# Is the luminous efficiency of a 5000 K incandescent greater than that of a 3000 K bulb?

The color temperature represents the color of light emitting from an ideal black body, when heated to said temperature in kelvin, and how an incandescent bulb emits light is close to a black body.

Does this mean a 5000 K incandescent bulb has higher filament temperature when powered than a 3000 K? Does a 5000 K incandescent bulb use more power than a 3000 K (EDIT: under the same brightness in lumens)? Does a 5000 K incandescent bulb produce less brightness than a 3000 K when at the same wattage?

• Does a red car get better gas mileage than a green car? Commented Sep 30, 2021 at 19:52
• Does a 5000 K incandescent bulb use more power than a 3000 K? That is not a good question. A10 Watt, 5000 K bulb uses less power than a 100 Watt, 3000 K lightbulb. But a 1000 Watt, 5000 K bulb will use more power than the same 100 Watt, 3000 K lightbulb. My point: the power and colour temperature are unrelated! Commented Sep 30, 2021 at 20:00
• @Bimpelrekkie They are related if you fix some other parameters, such as intensity Commented Sep 30, 2021 at 20:01
• 100 Watt incandescent lightbulbs (lamps) use 100 Watts, regardless of color temperature. And 50 Watt incandescent lamps use 50 Watts regardless of color temperature etc. But if you take a 50 Watt lamp rated at 3000 K, and over-drive it until the filament is 5000 K, then yes, it will use more power at 5000 K than it does at 3000 K. Of course. Commented Sep 30, 2021 at 20:27
• I get that my questions is probably not specific enough, I can and will work on that. But why I feel that I'm getting some sarcasm through the comments? These are genuine questions. In my head, black body gets different color due to its temperature, and since incandescence light is similar, I would like to know are some relations between the the power, color and brightness. Commented Sep 30, 2021 at 20:30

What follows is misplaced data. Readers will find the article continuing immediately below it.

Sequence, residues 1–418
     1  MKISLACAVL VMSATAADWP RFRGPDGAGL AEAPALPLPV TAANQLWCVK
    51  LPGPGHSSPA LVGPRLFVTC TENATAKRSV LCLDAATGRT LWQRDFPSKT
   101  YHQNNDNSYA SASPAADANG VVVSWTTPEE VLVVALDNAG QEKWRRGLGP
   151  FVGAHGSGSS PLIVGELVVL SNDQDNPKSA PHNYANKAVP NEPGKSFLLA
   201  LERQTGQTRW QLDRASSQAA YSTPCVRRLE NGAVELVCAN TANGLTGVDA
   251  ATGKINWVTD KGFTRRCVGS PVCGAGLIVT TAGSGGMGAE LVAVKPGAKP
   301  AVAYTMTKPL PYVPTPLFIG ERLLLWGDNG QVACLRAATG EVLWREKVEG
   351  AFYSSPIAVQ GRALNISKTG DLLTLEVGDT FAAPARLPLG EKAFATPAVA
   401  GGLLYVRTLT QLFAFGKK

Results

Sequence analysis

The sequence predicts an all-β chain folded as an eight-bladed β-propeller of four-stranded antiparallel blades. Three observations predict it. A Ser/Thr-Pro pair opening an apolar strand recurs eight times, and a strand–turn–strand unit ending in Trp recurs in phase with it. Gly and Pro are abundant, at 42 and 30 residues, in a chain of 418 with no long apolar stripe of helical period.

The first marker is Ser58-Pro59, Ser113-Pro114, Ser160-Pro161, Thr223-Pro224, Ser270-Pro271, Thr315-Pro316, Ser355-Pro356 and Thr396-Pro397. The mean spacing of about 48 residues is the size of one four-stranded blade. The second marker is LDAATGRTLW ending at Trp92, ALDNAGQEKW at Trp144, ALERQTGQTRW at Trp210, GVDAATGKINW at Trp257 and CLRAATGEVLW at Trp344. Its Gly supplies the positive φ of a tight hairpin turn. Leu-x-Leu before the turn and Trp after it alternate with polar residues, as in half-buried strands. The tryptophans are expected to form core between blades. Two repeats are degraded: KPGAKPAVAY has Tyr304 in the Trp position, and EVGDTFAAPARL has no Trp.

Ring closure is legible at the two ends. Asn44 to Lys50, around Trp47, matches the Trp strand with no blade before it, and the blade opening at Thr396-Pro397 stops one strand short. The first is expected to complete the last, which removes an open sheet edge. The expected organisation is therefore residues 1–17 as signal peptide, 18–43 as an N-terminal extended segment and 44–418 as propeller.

The color temperature represents the color of light emitting from an ideal black body, when heated to said temperature in kelvin

Correct. But the bulb's color temperature may not coincide exactly with the filament temperature. Standard bulb glass absorbs ultraviolet light, which skews the color temperature lower. However we are usually only interested in visible light (ie. what the human eye sees) so this has little practical effect except in situations where the proportion of ultraviolet light is important.

Does this mean a 5000 K incandescent bulb has higher filament temperature when powered than a 3000 K?

Not necessarily. An incandescent filament run at 5000 K would produce much more visible light for the same power input as a 3000 K filament, due to the larger proportion of energy radiated in the visible region. But it would quickly burn out.

So how are 5000 K incandescent bulbs a thing? By placing a 'blue' (actually cyan) filter over the bulb. This increases the color temperature by absorbing longer wavelengths. Here is an example:-

OSRAM COOL BLUE ADVANCE H7 5000K

This bulb puts out less visible light than an equivalent unfiltered bulb of the same wattage.

Now you may ask, what is the point of making a headlight bluer if it reduces the light output? Wouldn't that just make the road ahead harder to see? Not necessarily. Most of the human eye has a higher density of rods (monochrome sensors, more sensitive to green light) than cones (color sensors), and the rods are more sensitive at low light. 5000 K is closer to daylight, so objects appear closer to their expected colors than they would in 'warmer' light. Filtering out excessive red light makes the perceived image sharper and easier to see, particularly in the peripheral area that is important for driving safety.